Kensington Market, Chinatown & Graffiti Alley in Toronto, Canada

From Union station we made our way to the famous Kensington Market. Getting there took a while as we had to find the right streetcar to take. In Toronto, you not only have the bus, train, trams and taxis, but you can also take the famous streetcars which are sort of like trams, except they ride on the street along with the cars and traffic.

We eventually arrived at Kensington Market and immediately walked into the middle of it. Before getting here, I was expecting a large covered area with fresh vegetables and produce. Far from it. Kensington Market is actually a famous touristy neighbourhood located not so far from the old Downtown Toronto. Fortunately the neighbourhood is located opposite the University of Toronto, as I had that on my list of places to visit. Due to the weather, we constantly had to seek refuge. So we would pop in and grab a coffee or go to a restaurant and have some lunch and then go to pray in the university faith centre. We would use the time inside to build up enough energy to face the freezing cold weather outside.

Anyway, when we first arrived into Kensington Market, we walked through some of the streets and observed and took in the sights of the shops and diners. To me it seemed kind of hippie. With cannabis being legal in Canada, we could constantly smell the scent of smoking marijuana. Walking around the neighbourhood we saw cheap cloth shops, cheap supermarkets selling fresh fruits and vegetables, dessert shops, burger places and many Far Eastern restaurants. Within the Kensington Market neighbourhood, you have the famous Chinatown.

Many cities around the world have their own Chinatowns, but this one was by far the most active and vibrant one I had come across. Bustling with eateries selling Dim Sum and famous Ramen, this place is thronging with foreigners and locals waiting in line to eat. Magical Taste of China was a Halal Chinese restaurant we visited which had a special lunch hour from 12-5. In that time they served special Chinese food at a reasonable price. As soon as we made our way inside, the first thing we were told is that we had to wait in line for a table. All I could see inside were Far Eastern youngsters sitting, eating, drinking tea and enjoying their finely cooked meals. It made me feel positive about eating here as I once heard someone say, ‘if you only see Chinese people eating in a Chinese restaurant, then the food must be good in there!’.

After waiting for around 10-15 minutes, a table had cleared and we were seated with a menu. We ordered a seafood special noodle dish and a stir fried rice dish with seafood and diced chicken. Alongside the meal they offer complimentary tea, which was quite refreshing to have instead of water. My seafood noodles had within it, prawns, mussels and another seafood item that was shaped like a pinecone. Not too sure what it was but I definitely could tell by the taste that it was some kind of seafood item. My wife’s dish had within it stir fried fish and chicken which was quite tasty. Unable to finish the entire thing, we had it packed to take home with us. After the meal, we made our way to Dipped Doughnuts which is a well known dessert shop in Toronto. Serving unique flavours such as Chocolate Mud and Vegan Sour Cherry Almond doughnuts, we went for the simple choice and got a ‘cookies and cream’ doughnut. I know what you’re thinking; why go for that when you have all these marvellous flavours? Well, what can I say…sometimes when you have too many choices, you opt for the simplest thing.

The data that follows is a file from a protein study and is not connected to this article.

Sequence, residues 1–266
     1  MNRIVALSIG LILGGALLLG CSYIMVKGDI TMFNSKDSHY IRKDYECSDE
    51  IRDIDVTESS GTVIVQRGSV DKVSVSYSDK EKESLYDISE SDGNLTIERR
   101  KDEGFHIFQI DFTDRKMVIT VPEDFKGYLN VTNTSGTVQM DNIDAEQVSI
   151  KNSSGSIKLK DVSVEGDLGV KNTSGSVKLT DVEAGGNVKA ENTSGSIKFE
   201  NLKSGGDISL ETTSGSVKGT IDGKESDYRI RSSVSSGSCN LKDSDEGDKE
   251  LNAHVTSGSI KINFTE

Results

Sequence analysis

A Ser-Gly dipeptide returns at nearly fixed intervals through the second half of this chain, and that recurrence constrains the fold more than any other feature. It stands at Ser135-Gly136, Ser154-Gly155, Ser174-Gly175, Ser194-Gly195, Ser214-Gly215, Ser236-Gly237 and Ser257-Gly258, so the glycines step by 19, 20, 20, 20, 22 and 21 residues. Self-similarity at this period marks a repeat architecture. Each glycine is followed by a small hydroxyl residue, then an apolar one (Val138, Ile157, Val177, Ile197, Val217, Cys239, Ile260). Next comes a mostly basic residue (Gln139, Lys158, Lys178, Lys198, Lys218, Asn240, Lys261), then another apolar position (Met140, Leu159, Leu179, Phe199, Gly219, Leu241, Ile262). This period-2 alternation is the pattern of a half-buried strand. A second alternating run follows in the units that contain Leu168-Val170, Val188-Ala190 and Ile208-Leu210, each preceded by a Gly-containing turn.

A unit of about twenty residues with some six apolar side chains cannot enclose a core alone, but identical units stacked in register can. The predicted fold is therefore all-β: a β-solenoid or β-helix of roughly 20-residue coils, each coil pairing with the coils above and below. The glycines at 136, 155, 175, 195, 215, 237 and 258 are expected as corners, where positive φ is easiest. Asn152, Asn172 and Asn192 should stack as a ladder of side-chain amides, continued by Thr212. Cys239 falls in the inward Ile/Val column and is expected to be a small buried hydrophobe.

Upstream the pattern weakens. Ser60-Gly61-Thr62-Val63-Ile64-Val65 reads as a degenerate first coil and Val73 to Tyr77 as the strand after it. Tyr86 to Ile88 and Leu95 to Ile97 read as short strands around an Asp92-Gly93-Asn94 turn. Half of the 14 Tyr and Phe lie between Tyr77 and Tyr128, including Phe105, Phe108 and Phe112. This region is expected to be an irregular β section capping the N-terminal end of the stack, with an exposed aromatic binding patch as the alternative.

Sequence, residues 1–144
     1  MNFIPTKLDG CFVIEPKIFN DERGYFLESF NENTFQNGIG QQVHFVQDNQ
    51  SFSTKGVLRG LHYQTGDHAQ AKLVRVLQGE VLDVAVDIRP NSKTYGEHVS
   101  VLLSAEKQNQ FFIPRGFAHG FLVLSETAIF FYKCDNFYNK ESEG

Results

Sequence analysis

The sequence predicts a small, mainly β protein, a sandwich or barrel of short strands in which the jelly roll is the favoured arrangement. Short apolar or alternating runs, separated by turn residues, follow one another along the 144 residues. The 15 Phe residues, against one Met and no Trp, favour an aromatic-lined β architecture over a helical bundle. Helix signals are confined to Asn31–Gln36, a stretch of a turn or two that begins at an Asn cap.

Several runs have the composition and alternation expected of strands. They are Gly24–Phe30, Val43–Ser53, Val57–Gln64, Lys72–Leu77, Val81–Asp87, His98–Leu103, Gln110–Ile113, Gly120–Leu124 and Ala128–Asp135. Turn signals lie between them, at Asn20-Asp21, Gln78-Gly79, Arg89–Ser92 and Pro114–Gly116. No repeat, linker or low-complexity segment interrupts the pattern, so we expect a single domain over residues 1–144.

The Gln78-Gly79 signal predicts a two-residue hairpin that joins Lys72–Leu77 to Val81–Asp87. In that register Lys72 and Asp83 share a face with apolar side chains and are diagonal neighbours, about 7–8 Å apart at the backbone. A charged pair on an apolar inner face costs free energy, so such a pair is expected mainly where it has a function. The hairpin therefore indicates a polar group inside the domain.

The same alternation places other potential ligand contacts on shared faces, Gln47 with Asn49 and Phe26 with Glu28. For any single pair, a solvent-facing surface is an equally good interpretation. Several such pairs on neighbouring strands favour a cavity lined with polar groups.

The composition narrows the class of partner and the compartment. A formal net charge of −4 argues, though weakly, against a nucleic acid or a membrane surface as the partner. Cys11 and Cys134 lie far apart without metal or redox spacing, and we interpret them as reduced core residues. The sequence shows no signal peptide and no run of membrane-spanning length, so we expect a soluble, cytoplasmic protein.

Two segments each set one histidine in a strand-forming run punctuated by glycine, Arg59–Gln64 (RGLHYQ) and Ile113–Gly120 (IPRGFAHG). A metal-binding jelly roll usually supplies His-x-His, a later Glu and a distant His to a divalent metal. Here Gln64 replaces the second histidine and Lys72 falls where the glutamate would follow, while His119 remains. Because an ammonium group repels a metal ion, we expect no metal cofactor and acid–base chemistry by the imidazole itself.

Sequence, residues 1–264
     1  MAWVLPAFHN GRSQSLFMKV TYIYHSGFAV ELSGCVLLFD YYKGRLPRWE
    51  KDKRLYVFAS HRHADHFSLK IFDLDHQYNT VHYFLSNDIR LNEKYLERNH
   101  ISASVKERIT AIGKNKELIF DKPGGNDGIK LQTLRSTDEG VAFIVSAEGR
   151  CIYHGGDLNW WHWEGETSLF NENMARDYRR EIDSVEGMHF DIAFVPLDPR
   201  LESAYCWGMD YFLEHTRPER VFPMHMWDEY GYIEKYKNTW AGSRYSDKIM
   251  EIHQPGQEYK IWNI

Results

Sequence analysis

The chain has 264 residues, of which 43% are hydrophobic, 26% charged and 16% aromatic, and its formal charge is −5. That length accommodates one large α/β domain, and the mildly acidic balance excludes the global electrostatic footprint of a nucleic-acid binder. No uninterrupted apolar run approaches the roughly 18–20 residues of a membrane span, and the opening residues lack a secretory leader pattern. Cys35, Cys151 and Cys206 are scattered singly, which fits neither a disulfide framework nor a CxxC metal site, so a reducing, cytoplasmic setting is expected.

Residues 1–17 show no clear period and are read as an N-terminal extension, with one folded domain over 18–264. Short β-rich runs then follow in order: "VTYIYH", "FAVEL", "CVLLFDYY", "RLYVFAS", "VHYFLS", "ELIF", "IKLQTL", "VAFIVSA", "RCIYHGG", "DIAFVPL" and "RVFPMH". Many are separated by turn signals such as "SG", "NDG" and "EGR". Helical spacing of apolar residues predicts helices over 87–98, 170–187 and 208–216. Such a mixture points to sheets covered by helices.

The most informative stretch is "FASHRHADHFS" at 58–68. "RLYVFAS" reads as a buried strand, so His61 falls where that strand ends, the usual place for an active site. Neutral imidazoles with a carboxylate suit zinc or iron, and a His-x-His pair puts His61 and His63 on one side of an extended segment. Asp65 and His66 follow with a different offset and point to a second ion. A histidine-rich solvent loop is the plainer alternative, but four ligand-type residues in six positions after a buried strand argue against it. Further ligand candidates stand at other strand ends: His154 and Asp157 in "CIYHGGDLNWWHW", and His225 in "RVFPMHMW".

Magical Taste of China
Dipped Doughnuts

From there, we headed towards the Koffler House Building located on the Toronto Uni campus. Once inside, we found a decent sized prayer area and ablution facilities. We stayed here and offered both our Zuhar and Asr prayers. We then braced ourselves to go back out towards another attraction in the city which visitors usually miss out on. Graffiti Alley!

Okay, so next we have one of those must see sites in Toronto which usually goes missed. This place will show you just how artistic and talented the people of Canada are. Graffiti Alley is a dedicated street name given to an alleyway which is literally full of graffiti. But not just any kind of graffiti. We’re talking graffiti on a large and major scale and graffiti that speaks for itself. Make sure you DO NOT get a tour guide to show you around. Why? Because, it seems unfair that the artists have done a hard job, left an awesome impression and the tour guides are profiting off of their talent.

Located not so far away from the centre of Kensington market and Chinatown, you can enter Graffiti Alley from four sides. These are Augusta Avenue, Queen Street West, Richmond Street West and Spadina Avenue. Whichever side you choose to enter from, you’ll be welcomed to the alley way with graffiti all over the walls. It’s just amazing how much time and effort this must have taken, not to mention the great amounts of graffiti paint sprays. Walk around, read some motivating messages, stare at the pictures, even take one yourself. What’s fascinating about this place is that, new artists come and paint over as each and every artist is to be given their chance to be artistic in this alley. Therefore, if you see something you like, chances are that within weeks or months it may be gone. Once upon a time the act was frowned upon. However now, it is admired and the alley boasts to be one of the most visited sites in the entire Toronto region.


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